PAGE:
Last Updated: Friday - 09/24/2010
Week of September 1, 2003
In search of the Holy Cross
Norwegian homesteader funded original Holy Cross Parish
The Holy Cross -- Feast Day -- September 14
By TED FITZGERALD
Special to the WCR
When, in 1894, Norwegian Knut Skaro settled in the empty lands of the Northwest Territories in what would later become the province of Alberta, he had no way of knowing that his name would be perpetuated to define an area rich in colourful rural churches.
In fact, the proliferation of mainly Byzantine houses of worship, partly because of religious differences, would encourage the County of Lamont, years later, to declare itself the "Church Capital of North America," boasting more than 47 historic religious structures within its boundaries.
One of the most impressive and attractive of these, a prominent landmark in its grove of planted trees, whether viewed from long distances across golden fields of canola in the summer, or admired for its design, is Exaltation of the Holy Cross Ukrainian Catholic Church.
Lord have mercy
The traditional story of the church's name is told in a large work of art that hangs behind the altar. Empress St. Helena, mother of Emperor Constantine, who had journeyed to Jerusalem in 326 in search of the true cross, watches as the bishop of Jerusalem, St. Macarius, raises the cross while bystanders shout "Lord have mercy."
At the suggestion of the bishop, the true cross had been identified by touching the three crosses at the site to an invalid woman. Cured, she is shown kneeling in the foreground, her litter beside her. The crosses of the two criminals killed with Christ now lie abandoned on the ground while the empress holds sacred nails from the crucifixion.
The feast of the Exaltation of the Holy Cross or the Triumph of the Cross is celebrated in both Eastern and Western rites on Sept. 14. Scriptural readings for the day stress the elevation of Christ, by way of the cross, above the world, sin and mortality and the foundation of Christianity.
It's not possible to travel east of Edmonton without constant reminders of the religious history of the area. The Skaro district provides a microcosm of the faith differences in east-central Alberta. For example, Holy Cross is one of five churches along a five-mile stretch of road that include affiliations with Ukrainian Orthodox, and Russian Orthodox as well as the Polish Catholic Our Lady of Good Counsel church and grotto, noted for its major annual pilgrimage.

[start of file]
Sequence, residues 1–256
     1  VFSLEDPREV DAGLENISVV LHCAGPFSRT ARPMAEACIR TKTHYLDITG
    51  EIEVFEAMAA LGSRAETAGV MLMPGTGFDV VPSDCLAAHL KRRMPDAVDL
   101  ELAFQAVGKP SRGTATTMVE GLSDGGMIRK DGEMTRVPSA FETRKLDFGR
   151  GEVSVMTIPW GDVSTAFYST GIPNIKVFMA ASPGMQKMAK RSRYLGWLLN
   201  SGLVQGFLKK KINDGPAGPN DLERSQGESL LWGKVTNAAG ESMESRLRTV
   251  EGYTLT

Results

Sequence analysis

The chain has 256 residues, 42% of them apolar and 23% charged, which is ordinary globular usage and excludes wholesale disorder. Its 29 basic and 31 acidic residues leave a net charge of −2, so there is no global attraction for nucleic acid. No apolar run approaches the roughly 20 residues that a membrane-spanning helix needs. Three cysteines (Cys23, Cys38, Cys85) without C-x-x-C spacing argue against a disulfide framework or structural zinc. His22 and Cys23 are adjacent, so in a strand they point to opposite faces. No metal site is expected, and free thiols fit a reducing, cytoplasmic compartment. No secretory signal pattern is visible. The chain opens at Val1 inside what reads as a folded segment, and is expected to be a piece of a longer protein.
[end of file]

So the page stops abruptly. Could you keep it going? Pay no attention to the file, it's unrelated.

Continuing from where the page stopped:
Although founded in 1900, it was another 17 years before Holy Cross Parish, with support from Skaro, was able to occupy a small church under the title Ruthenian Greek Catholic Church of Czesnoho Kresta at Skaro.
Tragically, it burned down in 1942 but was quickly replaced with the present church. The free-standing bell tower survived the fire and is now 77 years old.
Four towers capped with silver domes fill the corners of a grand cruciform ground plan and complement a central dome at Holy Cross. The interior presents a series of smooth, barrel vault ceilings with the traditional crystal chandelier beneath the dome. Decoration relies on large, round-headed clear and tinted glass windows.
Statues of the Sacred Heart and of Our Lady flank the sanctuary and the four evangelists are portrayed in their traditional places at the dome "corners." There is no iconostasis here so that the focus of the sanctuary is an attractive white altar surmounted by the image of the Exaltation of the Cross.
A joy to visit, the church and grounds are well maintained, the interior exuberantly decorated with floral creations prior to parish observances. Unfortunately, migration to the city and a shortage of clergy means that the Divine Liturgy is only celebrated here monthly, on a rotating basis with other area churches. At other times, entry to Holy Cross and other district churches can be arranged through contacts published in the Lamont County church guide.